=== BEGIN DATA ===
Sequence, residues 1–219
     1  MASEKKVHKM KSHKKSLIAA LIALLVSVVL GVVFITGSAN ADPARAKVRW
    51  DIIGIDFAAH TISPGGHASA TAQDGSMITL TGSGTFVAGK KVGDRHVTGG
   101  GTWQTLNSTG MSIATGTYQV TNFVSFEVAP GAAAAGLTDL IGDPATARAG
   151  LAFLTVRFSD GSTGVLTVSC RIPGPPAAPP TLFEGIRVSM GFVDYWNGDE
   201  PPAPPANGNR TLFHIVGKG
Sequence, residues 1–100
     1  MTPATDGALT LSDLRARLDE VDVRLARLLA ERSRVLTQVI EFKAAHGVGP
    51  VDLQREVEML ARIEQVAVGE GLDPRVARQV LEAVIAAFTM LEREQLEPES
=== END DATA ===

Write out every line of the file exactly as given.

Sequence, residues 1–219
     1  MASEKKVHKM KSHKKSLIAA LIALLVSVVL GVVFITGSAN ADPARAKVRW
    51  DIIGIDFAAH TISPGGHASA TAQDGSMITL TGSGTFVAGK KVGDRHVTGG
   101  GTWQTLNSTG MSIATGTYQV TNFVSFEVAP GAAAAGLTDL IGDPATARAG
   151  LAFLTVRFSD GSTGVLTVSC RIPGPPAAPP TLFEGIRVSM GFVDYWNGDE
   201  PPAPPANGNR TLFHIVGKG
Sequence, residues 1–100
     1  MTPATDGALT LSDLRARLDE VDVRLARLLA ERSRVLTQVI EFKAAHGVGP
    51  VDLQREVEML ARIEQVAVGE GLDPRVARQV LEAVIAAFTM LEREQLEPES